The marathon bombs triggered a reaction that is at odds with last week's inertia over arms control
By Michael Cohen
After all, it's not as if this is the first time that homicidal killers have been on the loose in a major American city. In 2002, Washington DC was terrorised by two roving snipers, who randomly shot and killed 10 people. In February, a disgruntled police officer, Christopher Dorner, murdered four people over several days in Los Angeles. In neither case was LA or DC put on lockdown mode, perhaps because neither of these sprees was branded with that magically evocative and seemingly terrifying word for Americans, terrorism.
To be sure, public officials in Boston appeared to be acting out of an abundance of caution. And it's appropriate for Boston residents to be asked to take precautions or keep their eyes open. But by letting one fugitive terrorist shut down a major American city, Boston not only bowed to outsize and irrational fears, but sent a dangerous message to every would-be terrorist–if you want to wreak havoc in the United States, intimidate its population and disrupt public order, here's your instruction booklet.
Putting aside the economic and psychological cost, the lockdown also prevented an early capture of the alleged bomber, who was discovered after Bostonians were given the all clear and a Watertown man wandered into his backyard for a cigarette and found a bleeding terrorist on his boat.
In some regards, there is a positive spin on this–it's a reflection of how little Americans have to worry about terrorism. A population such as London during the IRA bombings or Israel during the second intifada or Baghdad, pretty much every day, becomes inured to random political violence. Americans who have such little experience of terrorism, relatively speaking, are more primed to overreact–and assume the absolute worst when it comes to the threat of a terror attack. It is as if somehow in the American imagination, every terrorist is a not just a mortal threat, but is a deadly combination of Jason Bourne and James Bond.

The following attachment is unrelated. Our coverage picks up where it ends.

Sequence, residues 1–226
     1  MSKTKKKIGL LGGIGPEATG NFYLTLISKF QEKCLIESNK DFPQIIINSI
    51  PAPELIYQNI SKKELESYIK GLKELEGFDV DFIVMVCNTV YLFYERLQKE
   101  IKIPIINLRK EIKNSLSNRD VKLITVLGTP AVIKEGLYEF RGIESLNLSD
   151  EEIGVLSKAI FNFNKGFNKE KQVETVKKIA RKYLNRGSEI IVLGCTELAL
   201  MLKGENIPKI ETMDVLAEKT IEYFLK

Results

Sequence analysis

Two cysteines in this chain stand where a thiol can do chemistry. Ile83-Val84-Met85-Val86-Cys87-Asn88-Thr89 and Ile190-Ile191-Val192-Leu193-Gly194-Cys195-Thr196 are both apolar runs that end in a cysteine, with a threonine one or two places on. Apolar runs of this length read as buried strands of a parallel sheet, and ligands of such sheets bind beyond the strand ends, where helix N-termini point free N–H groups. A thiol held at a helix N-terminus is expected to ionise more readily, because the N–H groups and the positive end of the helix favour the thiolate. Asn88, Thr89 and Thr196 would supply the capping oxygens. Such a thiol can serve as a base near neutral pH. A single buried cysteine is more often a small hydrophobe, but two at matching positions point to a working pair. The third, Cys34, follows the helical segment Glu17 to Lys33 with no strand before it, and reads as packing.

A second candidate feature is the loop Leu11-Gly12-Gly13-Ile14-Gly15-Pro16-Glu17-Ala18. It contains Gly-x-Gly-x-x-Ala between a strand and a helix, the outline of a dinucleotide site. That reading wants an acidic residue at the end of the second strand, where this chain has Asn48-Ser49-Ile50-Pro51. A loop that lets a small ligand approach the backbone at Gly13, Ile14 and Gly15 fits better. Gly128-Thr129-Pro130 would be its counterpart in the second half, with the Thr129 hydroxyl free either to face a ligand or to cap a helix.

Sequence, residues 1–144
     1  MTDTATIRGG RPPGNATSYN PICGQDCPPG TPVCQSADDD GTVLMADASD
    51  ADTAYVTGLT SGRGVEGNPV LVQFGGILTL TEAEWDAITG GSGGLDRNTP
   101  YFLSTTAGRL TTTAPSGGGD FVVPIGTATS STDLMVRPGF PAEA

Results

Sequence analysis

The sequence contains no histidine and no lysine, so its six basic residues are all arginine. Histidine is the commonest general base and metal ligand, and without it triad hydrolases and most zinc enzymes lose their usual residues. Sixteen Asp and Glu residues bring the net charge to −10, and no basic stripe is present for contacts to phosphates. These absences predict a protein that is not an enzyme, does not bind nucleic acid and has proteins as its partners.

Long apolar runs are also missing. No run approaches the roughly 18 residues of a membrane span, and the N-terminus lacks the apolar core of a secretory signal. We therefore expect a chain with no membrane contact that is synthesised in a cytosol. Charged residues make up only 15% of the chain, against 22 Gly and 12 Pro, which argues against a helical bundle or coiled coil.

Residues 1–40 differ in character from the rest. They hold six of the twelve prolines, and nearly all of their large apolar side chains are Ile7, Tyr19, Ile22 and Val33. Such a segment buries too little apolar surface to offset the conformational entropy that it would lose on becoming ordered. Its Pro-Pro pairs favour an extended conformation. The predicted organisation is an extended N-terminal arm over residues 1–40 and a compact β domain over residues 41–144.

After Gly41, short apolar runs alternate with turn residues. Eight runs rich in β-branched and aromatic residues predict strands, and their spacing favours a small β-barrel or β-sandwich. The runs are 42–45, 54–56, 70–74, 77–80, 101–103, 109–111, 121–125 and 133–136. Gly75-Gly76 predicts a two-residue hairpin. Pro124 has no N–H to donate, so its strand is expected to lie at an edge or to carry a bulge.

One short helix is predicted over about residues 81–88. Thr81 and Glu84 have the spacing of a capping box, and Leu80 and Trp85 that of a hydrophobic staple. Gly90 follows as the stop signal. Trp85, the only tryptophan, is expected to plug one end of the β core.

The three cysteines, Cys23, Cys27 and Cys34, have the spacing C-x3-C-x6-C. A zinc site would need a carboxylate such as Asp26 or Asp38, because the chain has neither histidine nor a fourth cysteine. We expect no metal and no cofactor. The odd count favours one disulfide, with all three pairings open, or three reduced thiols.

If only Americans reacted the same way to the actual threats that exist in their country. There's something quite fitting and ironic about the fact that the Boston freak-out happened in the same week the Senate blocked consideration of a gun control bill that would have strengthened background checks for potential buyers. Even though this reform is supported by more than 90% of Americans, and even though 56 out of 100 senators voted in favour of it, the Republican minority prevented even a vote from being held on the bill because it would have allegedly violated the second amendment rights of "law-abiding Americans."
So for those of you keeping score at home–locking down an American city: a proper reaction to the threat from one terrorist. A background check to prevent criminals or those with mental illness from purchasing guns: a dastardly attack on civil liberties. All of this would be almost darkly comic if not for the fact that more Americans will die needlessly as a result. Already, more than 30,000 Americans die in gun violence every year (compared to the 17 who died last year in terrorist attacks).
How Boston exposes America’s dark post-9/11 bargain
Why did this story drive the whole country nuts? Because we traded rights for "security," and didn't get either
By Andrew O'Hehir